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Capital Market Update: "The Triumph of Hope Over Experience"

Capital Market Update: "The Triumph of Hope Over Experience"

February 15, 2023

Happy Days are here again!  After spending the entirety of 2022 in a downward spiral of negative returns in every major asset class driven by 40 year high inflation, the Federal Reserve Bank’s “shock and awe” campaign of skyrocketing interest rates, resultant US/global recession fears, and the geopolitical mayhem of war in Ukraine and China’s self-inflicted economic nose-dive, positive returns are back!

How far “back” you ask?  Well, as of this writing, the S&P 500 has had a positive YTD return of 7.76%, the tech-heavy Nasdaq 13.62%, EUROSTOXX 11.73%...all at or above the long term average full year stock market returns in just 45 days.   Even the bond market indices have posted 1-3% positive returns…less than two months into 2023.[1] 

What prompted the markets’ mercurial swing from despair to elation?  Nothing less than a complete reversal of the 2022 fear and loathing hitlist: US inflation dropping from over 9% to 6.4%,[2] the Fed reducing its interest rate increases from 0.75 to 0.25% per increase (with the expectation of rate reductions before 2023 year end!), China reopening after finally abandoning their failed “zero covid” policy (with 1MM+ COVID deaths over three months in the process), a warm winter in Europe with no oil/gas shortages, energy prices dropping, US unemployment hitting a 54 year low, and the growing consensus that there won’t be a recession in the US after all…i.e. an economic “soft landing”.[3]

On top of all that, consensus is that US company earnings will increase even after huge interest rate increases are reducing inflation and slowing the US economy. All of the above has coalesced into a market participant narrative which looks and sounds a lot like “It’s all good news!  Let’s party!!!”

Everyone loves a good story with a happy ending, and I wish I could end this update right here with the words “and they all enjoyed attractive positive risk-adjusted returns happily ever after.”  But I cannot, because my interpretation of recent events in the capital markets looks less like the complacent optimism outlined above, and more like the Samuel Johnson protagonist’s infamous “triumph of hope over experience”: possible, but unlikely.

The core of my concerns is this: much of the recent optimism in the stock market are predicated on the words that have ended badly with great consistency in the past, “It’s different this time”.  How can energy prices continue to stay low with China demand coming back online, and the US economy still running hot as evidenced by 54 year low unemployment?[4] How can corporate earnings increase if the massive interest rate increases of the last year have indeed slowed the US economy?  Why are the equity market ignoring the Federal Reserve bank’s consistent messaging that they will keep rates “higher for longer” in order to bring inflation down an additional 4 percent to their stated target of 2%?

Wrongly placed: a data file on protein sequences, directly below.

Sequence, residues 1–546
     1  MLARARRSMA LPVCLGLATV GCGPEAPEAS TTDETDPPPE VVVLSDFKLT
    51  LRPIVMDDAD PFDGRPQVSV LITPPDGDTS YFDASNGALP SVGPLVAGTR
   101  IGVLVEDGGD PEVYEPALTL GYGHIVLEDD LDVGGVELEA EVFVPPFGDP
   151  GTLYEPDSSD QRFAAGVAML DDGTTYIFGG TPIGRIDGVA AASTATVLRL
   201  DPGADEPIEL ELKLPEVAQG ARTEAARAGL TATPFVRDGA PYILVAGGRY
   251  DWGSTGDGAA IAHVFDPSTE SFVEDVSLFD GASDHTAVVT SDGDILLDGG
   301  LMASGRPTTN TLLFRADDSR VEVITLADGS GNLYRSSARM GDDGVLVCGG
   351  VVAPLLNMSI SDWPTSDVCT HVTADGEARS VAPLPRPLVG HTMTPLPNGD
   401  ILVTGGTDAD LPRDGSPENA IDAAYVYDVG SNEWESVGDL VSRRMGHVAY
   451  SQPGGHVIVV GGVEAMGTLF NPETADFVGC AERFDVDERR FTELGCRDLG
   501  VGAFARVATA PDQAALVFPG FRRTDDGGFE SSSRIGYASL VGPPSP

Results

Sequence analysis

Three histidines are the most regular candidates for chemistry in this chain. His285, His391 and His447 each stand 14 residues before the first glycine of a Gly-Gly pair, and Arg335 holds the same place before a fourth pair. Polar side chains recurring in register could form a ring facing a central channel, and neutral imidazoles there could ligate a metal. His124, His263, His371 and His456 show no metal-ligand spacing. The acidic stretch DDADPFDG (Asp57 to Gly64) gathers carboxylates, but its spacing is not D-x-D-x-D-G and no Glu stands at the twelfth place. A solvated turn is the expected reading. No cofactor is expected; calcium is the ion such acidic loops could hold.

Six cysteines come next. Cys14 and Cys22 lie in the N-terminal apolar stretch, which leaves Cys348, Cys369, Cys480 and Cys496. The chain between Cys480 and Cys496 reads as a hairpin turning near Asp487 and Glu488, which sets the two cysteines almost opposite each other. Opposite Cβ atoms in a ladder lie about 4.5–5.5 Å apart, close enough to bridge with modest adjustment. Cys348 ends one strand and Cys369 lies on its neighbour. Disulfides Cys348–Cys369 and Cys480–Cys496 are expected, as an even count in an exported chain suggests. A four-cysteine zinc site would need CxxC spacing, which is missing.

One truism has persisted throughout capital market history; the more convoluted and contradictory positive outlook (think dotcoms in 2000, sub-prime in 2007, etc.), the higher the likelihood things don’t work out as hoped.  To be clear, I do not foresee a negative outcome remotely similar to 2007-2009 or 2000-2003, I think the recent equity market jubilation is unwarranted and premature.

In light of the above, what actions have we taken in client portfolios to bring them in line with our outlook and concerns?  We followed the “sell high” strategy on stocks, and bought T-Bills.  Over the last week, we’ve reduced stocks in by around 5%, and used those proceeds to either pay down portfolio lines of credit for those who have them, or invested in T-Bills and other short-term bond with current yields approaching 5%.  If our thesis is correct, and there are more rocky roads and declines ahead for stocks, we won’t hesitate to redeploy that 5% back into whatever equities offer the most attractive entry points.  If not, we are happy to collect an almost 5% yield in short term US treasuries with zero stock market risk.

I hope the above is helpful, and feel free to email or use the following link to schedule a meeting at your convenience: Schedule a meeting

Very Truly Yours

Jonathan Lonske

Managing Partner, Financial Advisor

Office/Cell: 857-328-1100

125 High Street, Suite 220, Boston, MA 02110

[1] The Wall Street Journal. “Market Data.” The Wall Street Journal, Dow Jones & Company

[2] “Consumer Price Index Summary - 2023 M01 Results.” U.S. Bureau of Labor Statistics, U.S. Bureau of Labor Statistics, 14 Feb. 2023,,percent%20prior%20to%20seasonal%20adjustment

[3] Board of Governors of the Federal Reserve System,       

[4] “News: Unemployment Is at Its Lowest Level in 54 Years.” U.S. Department of Commerce, 3 Feb. 2023,'s%20economic%20plan%20is,the%20lowest%20in%2054%20years.%E2%80%9D.